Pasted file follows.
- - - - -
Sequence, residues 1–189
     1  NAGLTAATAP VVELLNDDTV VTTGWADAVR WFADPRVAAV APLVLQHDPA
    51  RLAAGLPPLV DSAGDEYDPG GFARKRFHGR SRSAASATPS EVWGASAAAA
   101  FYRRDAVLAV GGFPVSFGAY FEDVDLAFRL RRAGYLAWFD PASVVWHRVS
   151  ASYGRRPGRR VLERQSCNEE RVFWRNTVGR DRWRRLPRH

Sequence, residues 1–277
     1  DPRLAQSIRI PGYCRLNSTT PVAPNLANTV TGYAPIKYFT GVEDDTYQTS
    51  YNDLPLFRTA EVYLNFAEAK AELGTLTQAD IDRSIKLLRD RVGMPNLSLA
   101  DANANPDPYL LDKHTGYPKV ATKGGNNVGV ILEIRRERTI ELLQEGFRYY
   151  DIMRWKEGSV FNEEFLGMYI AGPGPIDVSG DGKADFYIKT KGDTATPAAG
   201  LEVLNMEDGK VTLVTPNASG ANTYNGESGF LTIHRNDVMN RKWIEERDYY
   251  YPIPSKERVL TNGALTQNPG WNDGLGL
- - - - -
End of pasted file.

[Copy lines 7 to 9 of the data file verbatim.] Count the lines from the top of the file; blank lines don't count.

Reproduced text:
     1  DPRLAQSIRI PGYCRLNSTT PVAPNLANTV TGYAPIKYFT GVEDDTYQTS
    51  YNDLPLFRTA EVYLNFAEAK AELGTLTQAD IDRSIKLLRD RVGMPNLSLA
   101  DANANPDPYL LDKHTGYPKV ATKGGNNVGV ILEIRRERTI ELLQEGFRYY